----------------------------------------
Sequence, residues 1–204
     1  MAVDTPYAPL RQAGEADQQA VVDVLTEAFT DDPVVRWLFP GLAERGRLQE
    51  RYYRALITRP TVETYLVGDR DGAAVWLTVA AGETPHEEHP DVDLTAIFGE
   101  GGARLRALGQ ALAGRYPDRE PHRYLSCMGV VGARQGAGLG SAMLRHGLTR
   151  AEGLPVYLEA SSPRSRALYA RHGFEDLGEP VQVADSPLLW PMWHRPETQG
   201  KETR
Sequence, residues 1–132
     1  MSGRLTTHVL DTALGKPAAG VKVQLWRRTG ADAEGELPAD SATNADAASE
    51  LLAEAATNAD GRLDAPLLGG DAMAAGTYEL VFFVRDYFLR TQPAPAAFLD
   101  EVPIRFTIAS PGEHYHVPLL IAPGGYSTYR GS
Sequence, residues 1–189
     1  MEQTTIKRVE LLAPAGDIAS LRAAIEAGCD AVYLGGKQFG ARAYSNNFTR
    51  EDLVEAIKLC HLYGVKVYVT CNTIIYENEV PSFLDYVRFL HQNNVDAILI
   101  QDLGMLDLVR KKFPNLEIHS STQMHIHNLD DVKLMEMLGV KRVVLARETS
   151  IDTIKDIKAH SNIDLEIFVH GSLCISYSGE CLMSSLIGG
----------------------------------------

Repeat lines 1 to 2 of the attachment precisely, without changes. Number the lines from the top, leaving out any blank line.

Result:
Sequence, residues 1–204
     1  MAVDTPYAPL RQAGEADQQA VVDVLTEAFT DDPVVRWLFP GLAERGRLQE